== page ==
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City, Cambodian Family Grieve Following Murder of Boy

September 23, 1987

LOWELL, Mass. (AP) _ The family of a 13-year-old Cambodian boy doesn’t blame white people for his drowning death in the locks of this old mill town. They just want justice and they’re willing to trust the American court system.

But police said Vandy Phorng died during a racially-motivated attack. And an 11-year-old white boy was charged Monday with the death.

The suspect, who is undergoing 30 days of psychiatric evaluation, could face a maximum of 10 years in custody and a $10,000 fine. The official charge is juvenile delinquency but court papers point out that the case involves murder, assault and battery and violation of civil rights.

Vandy and his 8-year-old brother, Vanthy, were fishing last Tuesday where canal waters surge through a set of granite locks that date back to the 19th century.

It was a place where they fished often.

″Vandy had a bag of fish,″ his younger brother recalled Tuesday. ″Then one of the two American kids comes and takes the bag of fish and throws it in the water and fish swim away.″

The white boy then pushed Vandy into the swirling water, he said.

A passing Lowell University freshman dove into the water and pulled Phorng out. But the boy died the next day.

Police say the attack was racially motivated.

Detective Capt. John Cullen said the slaying ″might have taken place only because of the kid’s ethnic background.″

Lowell’s Southeast Asian population has swelled during the past five years. Some estimates are that up to one in four of Lowell’s 100,000 residents are immigrants from Southeast Asia.

Police said many incidents of racism may go unreported.

″These people, they don’t really push back. They are a shy, timid people,″ said Police Lt. William Shea, head of the department’s juvenile bureau.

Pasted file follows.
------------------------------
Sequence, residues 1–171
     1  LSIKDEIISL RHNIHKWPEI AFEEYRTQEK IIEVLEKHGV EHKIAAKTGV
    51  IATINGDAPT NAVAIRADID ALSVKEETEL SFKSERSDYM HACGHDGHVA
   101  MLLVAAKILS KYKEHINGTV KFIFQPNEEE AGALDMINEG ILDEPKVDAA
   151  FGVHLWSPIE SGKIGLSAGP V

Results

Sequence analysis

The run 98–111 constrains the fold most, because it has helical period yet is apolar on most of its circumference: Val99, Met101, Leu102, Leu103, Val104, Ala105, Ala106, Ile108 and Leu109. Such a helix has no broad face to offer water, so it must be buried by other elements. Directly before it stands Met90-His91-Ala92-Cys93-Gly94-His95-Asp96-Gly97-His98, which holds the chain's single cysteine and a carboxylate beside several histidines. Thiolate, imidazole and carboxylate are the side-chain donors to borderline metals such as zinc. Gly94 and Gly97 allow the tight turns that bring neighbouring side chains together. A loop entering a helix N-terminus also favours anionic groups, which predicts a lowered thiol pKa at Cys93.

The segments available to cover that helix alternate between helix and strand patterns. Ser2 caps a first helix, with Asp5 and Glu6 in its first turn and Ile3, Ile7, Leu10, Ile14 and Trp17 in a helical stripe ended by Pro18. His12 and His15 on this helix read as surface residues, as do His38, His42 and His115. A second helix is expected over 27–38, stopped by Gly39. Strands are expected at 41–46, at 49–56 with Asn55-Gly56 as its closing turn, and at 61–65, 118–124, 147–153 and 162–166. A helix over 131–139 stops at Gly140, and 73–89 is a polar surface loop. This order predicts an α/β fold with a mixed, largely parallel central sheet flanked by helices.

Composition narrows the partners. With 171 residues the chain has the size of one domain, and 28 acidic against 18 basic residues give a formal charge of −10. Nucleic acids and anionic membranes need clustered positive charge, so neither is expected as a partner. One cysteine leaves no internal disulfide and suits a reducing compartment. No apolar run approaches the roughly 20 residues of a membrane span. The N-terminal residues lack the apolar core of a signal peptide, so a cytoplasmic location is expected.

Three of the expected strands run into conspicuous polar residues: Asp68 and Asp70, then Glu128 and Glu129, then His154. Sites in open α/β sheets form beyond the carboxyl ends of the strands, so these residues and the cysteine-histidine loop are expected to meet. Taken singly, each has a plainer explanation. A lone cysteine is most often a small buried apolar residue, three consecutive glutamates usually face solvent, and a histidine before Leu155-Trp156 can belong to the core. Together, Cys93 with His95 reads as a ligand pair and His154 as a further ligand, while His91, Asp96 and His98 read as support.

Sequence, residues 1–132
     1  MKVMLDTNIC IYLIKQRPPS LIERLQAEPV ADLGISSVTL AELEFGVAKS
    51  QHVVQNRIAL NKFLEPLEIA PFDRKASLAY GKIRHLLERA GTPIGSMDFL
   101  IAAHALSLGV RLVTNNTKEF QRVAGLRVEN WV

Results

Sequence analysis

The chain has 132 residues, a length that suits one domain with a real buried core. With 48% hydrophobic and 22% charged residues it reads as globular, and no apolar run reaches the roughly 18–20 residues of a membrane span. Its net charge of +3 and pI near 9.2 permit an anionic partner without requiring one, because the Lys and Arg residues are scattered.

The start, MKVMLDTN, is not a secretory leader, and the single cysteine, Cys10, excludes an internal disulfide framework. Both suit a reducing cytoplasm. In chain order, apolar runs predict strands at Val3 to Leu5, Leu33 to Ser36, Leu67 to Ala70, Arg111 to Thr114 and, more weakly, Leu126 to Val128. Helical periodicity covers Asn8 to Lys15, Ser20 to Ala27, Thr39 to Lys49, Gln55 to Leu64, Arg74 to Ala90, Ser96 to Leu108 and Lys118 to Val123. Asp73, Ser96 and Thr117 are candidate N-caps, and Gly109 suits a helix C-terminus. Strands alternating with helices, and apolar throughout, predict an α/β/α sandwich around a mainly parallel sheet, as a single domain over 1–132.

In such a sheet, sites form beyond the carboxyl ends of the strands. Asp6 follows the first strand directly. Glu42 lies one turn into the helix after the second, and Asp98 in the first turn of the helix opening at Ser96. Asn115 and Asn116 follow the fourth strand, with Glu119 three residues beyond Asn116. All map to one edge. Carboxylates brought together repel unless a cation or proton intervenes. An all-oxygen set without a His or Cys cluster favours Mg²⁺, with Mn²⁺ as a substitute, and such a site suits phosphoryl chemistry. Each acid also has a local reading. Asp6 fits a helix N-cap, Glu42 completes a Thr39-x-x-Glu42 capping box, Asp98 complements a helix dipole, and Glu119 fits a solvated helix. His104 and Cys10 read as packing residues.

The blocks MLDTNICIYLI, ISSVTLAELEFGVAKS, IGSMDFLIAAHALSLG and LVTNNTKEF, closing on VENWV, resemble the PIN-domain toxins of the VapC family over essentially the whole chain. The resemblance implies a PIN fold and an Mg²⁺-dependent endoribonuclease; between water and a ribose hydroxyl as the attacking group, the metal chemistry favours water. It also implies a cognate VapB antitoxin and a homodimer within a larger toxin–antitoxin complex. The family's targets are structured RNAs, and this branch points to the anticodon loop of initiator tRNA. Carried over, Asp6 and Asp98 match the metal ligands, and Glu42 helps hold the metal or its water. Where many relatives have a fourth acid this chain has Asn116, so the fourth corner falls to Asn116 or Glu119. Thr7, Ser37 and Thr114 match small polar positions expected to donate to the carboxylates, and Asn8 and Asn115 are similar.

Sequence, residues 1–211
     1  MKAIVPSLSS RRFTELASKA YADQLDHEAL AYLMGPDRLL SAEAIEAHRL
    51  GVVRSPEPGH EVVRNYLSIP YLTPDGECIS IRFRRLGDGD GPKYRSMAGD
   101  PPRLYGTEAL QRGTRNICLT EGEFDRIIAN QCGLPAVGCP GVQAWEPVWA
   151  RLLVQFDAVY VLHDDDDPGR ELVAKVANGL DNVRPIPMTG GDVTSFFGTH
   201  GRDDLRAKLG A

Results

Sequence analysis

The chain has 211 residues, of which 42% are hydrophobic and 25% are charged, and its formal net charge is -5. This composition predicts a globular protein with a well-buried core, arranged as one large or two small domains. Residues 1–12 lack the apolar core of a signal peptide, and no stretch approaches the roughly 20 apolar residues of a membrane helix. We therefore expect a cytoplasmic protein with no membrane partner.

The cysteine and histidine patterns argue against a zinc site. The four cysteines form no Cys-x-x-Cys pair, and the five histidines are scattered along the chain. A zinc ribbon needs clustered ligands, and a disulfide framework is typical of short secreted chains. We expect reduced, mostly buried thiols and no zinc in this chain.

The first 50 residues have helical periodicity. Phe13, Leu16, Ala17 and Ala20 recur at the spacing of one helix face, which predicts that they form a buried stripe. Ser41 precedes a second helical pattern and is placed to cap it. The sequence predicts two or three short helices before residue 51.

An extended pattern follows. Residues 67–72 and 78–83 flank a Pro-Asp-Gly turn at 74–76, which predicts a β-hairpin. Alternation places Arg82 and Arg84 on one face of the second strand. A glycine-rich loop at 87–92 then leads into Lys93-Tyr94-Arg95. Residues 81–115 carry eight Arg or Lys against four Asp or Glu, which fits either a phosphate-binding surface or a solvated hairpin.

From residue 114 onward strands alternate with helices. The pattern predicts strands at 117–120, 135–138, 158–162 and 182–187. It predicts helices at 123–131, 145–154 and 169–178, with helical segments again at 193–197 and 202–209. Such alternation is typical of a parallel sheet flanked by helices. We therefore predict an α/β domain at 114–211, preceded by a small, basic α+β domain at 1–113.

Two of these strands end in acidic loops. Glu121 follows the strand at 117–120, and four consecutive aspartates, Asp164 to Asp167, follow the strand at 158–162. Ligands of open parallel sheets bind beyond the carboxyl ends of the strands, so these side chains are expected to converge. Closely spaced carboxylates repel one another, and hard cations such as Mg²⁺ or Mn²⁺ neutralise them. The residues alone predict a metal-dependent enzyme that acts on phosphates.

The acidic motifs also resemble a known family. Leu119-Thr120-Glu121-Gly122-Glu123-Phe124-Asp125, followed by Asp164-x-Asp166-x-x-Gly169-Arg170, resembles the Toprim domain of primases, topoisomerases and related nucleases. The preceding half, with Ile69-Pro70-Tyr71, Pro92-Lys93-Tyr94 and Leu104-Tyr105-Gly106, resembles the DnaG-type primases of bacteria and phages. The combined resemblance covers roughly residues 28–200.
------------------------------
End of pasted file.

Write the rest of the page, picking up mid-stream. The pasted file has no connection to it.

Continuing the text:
Still, the Phorng family said they harbor no bitterness against the white community.

The anger, said Davy Phorng, the victim’s 24-year-old brother, is more focused than that.

He said that when he told his mother, Sokhom, of the drowning, her reaction was fury, not at a race, but at her son’s alleged killer.

″When she heard she said she wanted to get that kid herself and for him to die just the same as her son.″ But, in the end, he persuaded her to trust in the American justice system.

″We’ll let the courts take care of it,″ said Davy Phorng, whose family fled Cambodia four years ago and lost their father in the escape. ″There’s nothing we can do.″

At a time when this mill city north of Boston is winning praise for a school desegregation plan, the slaying has shocked many.

At the Bartlett School where the boy was arrested Monday, home room teachers talked to their students about the case, assistant principal Robert Boehm said.

The school is adjacent to the Francis Gate Guard Lock, a 19th century lock system where Phorng drowned in the swirling waters.

″It’s a tragedy. We are saddened by it. We are sickened by it,″ said school committee member Kathryn P. Stoklosa. But Stoklosa said the killing had nothing to do with Lowell’s desegregation program.

″There are people who would like to make that connection,″ she said. ″As far as I’m concerned that is out of order.″

The State Board of Education on Tuesday praised Lowell for quickly implementing its desegregation plan.

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